[Chicago] Question about Machine Language.

JS Irick hundredpercentjuice at gmail.com
Mon Dec 7 17:09:49 EST 2015


That'd be pretty rad, and a little short given the difficulty of writing to
the screen.

Anyway:

>>> "".join(map(lambda x:chr(int(x,2)),"01001001 01110100 00100000 01101001
01110011 00100000 01101110 01101111 01110100 00100000 01101110 01100001
01110100 01110101 01110010 01100001 01101100 00100000 01100110 01101111
01110010 00100000 01101101 01101111 01110011 01110100 00100000 01101111
01100110 00100000 01110101 01110011 00100000 01100001 01101110 01100100
00100000 01110100 01101000 01101001 01110011 00100000 01101001 01110011
00100000 01101010 01110101 01110011 01110100 00100000 01100010 01101001
01101110 01100001 01110010 01111001 00100000 01110100 01100101 01111000
01110100 00100000 01101110 01101111 01110100 00100000 01100001 01100011
01110100 01110101 01100001 01101100 00100000 01101101 01100001 01100011
01101000 01101001 01101110 01100101 00100000 01101100 01100001 01101110
01100111 01110101 01100001 01100111 01100101".split(" ")))

'It is not natural for most of us and this is just binary text not actual
machine language'

On Mon, Dec 7, 2015 at 3:43 PM, Lewit, Douglas <d-lewit at neiu.edu> wrote:

> Hi Randy,
>
> I'm afraid to ask, but is that the "Hello World!" program in machine code?
>
> On Mon, Dec 7, 2015 at 3:33 PM, Randy Baxley <randy7771026 at gmail.com>
> wrote:
>
>> 01001001 01110100 00100000 01101001 01110011 00100000 01101110 01101111
>> 01110100 00100000 01101110 01100001 01110100 01110101 01110010 01100001
>> 01101100 00100000 01100110 01101111 01110010 00100000 01101101 01101111
>> 01110011 01110100 00100000 01101111 01100110 00100000 01110101 01110011
>> 00100000 01100001 01101110 01100100 00100000 01110100 01101000 01101001
>> 01110011 00100000 01101001 01110011 00100000 01101010 01110101 01110011
>> 01110100 00100000 01100010 01101001 01101110 01100001 01110010 01111001
>> 00100000 01110100 01100101 01111000 01110100 00100000 01101110 01101111
>> 01110100 00100000 01100001 01100011 01110100 01110101 01100001 01101100
>> 00100000 01101101 01100001 01100011 01101000 01101001 01101110 01100101
>> 00100000 01101100 01100001 01101110 01100111 01110101 01100001 01100111
>> 01100101
>>
>> On Mon, Dec 7, 2015 at 3:04 PM, Lewit, Douglas <d-lewit at neiu.edu> wrote:
>>
>>> Thanks for the correction Naomi, but that didn't really answer my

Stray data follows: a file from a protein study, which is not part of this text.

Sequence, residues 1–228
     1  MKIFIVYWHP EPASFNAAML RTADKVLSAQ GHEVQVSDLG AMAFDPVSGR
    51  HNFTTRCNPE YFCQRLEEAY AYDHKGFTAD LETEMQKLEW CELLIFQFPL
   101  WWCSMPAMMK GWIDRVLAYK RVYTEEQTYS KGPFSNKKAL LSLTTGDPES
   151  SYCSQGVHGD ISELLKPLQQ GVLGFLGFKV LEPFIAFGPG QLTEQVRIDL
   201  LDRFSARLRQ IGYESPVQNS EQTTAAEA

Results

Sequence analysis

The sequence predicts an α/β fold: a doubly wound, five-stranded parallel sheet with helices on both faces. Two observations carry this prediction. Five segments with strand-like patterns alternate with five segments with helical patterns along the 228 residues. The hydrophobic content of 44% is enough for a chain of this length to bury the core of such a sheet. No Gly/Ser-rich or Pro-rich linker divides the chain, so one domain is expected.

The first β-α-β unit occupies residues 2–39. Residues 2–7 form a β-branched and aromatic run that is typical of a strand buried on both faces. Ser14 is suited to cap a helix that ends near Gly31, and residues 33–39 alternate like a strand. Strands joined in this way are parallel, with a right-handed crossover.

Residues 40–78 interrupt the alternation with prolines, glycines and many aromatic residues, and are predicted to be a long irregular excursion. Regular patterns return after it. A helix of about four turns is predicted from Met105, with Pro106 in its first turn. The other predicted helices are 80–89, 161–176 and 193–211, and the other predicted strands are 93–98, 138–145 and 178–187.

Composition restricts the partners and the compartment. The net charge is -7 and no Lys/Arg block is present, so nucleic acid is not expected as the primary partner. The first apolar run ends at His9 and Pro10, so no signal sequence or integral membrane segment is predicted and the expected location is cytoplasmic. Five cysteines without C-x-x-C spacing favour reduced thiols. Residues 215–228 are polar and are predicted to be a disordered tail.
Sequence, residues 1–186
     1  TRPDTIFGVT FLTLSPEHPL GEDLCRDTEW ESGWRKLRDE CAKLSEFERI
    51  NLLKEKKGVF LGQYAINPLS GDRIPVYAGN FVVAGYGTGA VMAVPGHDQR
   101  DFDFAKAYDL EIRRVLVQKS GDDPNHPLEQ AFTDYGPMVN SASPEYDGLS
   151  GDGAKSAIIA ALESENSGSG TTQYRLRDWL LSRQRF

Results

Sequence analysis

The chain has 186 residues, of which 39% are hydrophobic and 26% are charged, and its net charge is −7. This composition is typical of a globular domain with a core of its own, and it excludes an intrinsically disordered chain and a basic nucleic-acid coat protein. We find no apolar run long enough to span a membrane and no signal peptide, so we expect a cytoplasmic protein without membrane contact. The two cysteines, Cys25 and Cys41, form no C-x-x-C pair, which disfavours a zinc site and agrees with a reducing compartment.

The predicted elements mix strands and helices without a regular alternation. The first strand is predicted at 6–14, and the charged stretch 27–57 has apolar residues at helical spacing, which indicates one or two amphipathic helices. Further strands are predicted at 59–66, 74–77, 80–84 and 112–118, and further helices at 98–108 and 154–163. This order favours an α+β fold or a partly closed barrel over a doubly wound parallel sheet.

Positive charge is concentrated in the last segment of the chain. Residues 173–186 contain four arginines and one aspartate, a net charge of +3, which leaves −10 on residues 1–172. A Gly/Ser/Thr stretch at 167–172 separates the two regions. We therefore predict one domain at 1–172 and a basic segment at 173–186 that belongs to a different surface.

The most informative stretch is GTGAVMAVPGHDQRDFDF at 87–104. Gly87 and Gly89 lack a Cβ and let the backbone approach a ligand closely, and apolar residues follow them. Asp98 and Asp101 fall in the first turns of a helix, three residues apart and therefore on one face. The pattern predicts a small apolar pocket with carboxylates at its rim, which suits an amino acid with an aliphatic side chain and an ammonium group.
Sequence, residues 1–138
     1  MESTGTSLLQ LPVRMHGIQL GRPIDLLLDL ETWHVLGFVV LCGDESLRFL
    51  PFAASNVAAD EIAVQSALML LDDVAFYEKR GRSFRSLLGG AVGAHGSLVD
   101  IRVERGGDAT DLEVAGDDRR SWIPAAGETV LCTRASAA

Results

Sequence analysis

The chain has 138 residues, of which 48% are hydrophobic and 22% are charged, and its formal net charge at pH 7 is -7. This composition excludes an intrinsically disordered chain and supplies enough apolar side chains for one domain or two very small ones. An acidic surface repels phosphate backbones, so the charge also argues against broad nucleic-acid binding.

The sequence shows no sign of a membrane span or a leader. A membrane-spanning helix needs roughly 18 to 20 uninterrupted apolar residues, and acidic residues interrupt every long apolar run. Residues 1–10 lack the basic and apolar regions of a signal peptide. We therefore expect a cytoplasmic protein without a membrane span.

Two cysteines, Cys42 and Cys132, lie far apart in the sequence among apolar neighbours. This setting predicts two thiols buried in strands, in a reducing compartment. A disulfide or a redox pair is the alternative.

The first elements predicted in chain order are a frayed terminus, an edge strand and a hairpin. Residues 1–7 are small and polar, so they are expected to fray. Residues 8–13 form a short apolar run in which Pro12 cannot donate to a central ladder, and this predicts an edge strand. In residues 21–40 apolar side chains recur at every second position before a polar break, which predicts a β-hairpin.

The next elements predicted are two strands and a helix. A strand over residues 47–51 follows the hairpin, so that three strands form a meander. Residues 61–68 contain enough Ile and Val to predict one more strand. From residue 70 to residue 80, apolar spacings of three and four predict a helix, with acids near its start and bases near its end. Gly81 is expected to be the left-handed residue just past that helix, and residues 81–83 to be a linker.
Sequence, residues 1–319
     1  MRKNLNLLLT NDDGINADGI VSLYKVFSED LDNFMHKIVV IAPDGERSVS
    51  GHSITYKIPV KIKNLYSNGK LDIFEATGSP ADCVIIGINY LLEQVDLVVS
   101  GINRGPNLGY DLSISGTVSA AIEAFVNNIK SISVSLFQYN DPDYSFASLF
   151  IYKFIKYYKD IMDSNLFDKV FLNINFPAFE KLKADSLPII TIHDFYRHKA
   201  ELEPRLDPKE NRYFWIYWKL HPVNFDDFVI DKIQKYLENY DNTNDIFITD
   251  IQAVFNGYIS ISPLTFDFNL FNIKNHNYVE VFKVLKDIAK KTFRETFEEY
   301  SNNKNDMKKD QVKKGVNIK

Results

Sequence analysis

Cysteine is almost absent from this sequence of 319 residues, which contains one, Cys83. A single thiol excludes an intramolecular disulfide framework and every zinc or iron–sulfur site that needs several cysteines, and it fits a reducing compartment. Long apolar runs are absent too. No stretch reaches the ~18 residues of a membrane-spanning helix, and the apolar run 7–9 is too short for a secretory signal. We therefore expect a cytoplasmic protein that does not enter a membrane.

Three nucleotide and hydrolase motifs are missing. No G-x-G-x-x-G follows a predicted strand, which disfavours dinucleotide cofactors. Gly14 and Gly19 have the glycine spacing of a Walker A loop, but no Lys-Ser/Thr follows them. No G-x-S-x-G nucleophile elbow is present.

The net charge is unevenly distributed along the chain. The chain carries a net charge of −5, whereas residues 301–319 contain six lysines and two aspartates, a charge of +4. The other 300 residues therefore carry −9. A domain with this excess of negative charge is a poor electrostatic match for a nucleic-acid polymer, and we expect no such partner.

>>> question.  Why don't we all just study machine language and that's it?
>>>
>>> On Mon, Dec 7, 2015 at 2:10 PM, Naomi Ceder <naomi.ceder at gmail.com>
>>> wrote:
>>>
>>>> On 7 December 2015 at 13:57, Lewit, Douglas <d-lewit at neiu.edu> wrote:
>>>>
>>>>> Hi everyone,
>>>>>
>>>>> I was reading an article on the web about how all programming
>>>>> languages are "Turing complete".  I believe that basically means that all
>>>>> programming languages are able to communicate with the computer's CPU using
>>>>> the binary codes of machine language.
>>>>>
>>>>
>>>> Uh, that's not actually what "Turing Complete" means...  It doesn't
>>>>  have anything to do with binary or machine language... from Wikipedia (
>>>> https://en.wikipedia.org/wiki/Turing_completeness):
>>>>
>>>> "To show that something is Turing complete, it is enough to show that
>>>> it can be used to simulate some Turing complete system. For example, an imperative
>>>> language <https://en.wikipedia.org/wiki/Imperative_language> is Turing
>>>> complete if it has conditional branching
>>>> <https://en.wikipedia.org/wiki/Conditional_branching> (*e.g.*, "if"
>>>> and "goto" statements, or a "branch if zero" instruction. See OISC
>>>> <https://en.wikipedia.org/wiki/One_instruction_set_computer>) and the
>>>> ability to change an arbitrary amount ofmemory
>>>> <https://en.wikipedia.org/wiki/Computer_memory> locations (*e.g.*, the
>>>> ability to maintain an arbitrary number of variables). Since this is almost
>>>> always the case, most (if not all) imperative languages are Turing complete
>>>> if the limitations of finite memory are ignored."
>>>>
>>>> Cheers,
>>>> Naomi
>>>>
>>>> Okay then.... so why don't we get rid of C, C++, Java, Python, Ruby,
>>>>> Perl, Ocaml, Haskell, C#, F#, etc, etc and why don't we call just code in
>>>>> machine language?  Bear in mind that I'm asking this question from the
>>>>> point of view of the Devil's Advocate because I know almost nothing about
>>>>> machine language.  But it's an interesting question.  It's related to the
>>>>> question, "Why don't we have one universal natural language?  Let's get rid
>>>>> of English, French, Spanish, German, Russian, Chinese, Japanese, Arabic,
>>>>> Hebrew, etc, etc, and replace them all with one universal language that
>>>>> everyone understands".
>>>>>
>>>>> I'm interested in reading your thoughts and ideas.  Thanks.
>>>>>
>>>>> Best,
>>>>>
>>>>> Douglas.
>>>>>
>>>>> P.S.  Sorry to hear about the Django Study Group.  I thought Mark
>>>>> Graves was very friendly and did a great job of demonstrating various web
>>>>> applications using Python.
>>>>>
>>>>> _______________________________________________
>>>>> Chicago mailing list
>>>>> Chicago at python.org
>>>>> https://mail.python.org/mailman/listinfo/chicago
>>>>>
>>>>>
>>>>
>>>>
>>>> --
>>>> Naomi Ceder
>>>> https://plus.google.com/u/0/111396744045017339164/about
>>>>
>>>> _______________________________________________
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>>>>
>>>>
>>>
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>>>
>>
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>
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-- 
====
JS Irick
312-307-8904
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Coach: atlascrossfit.com
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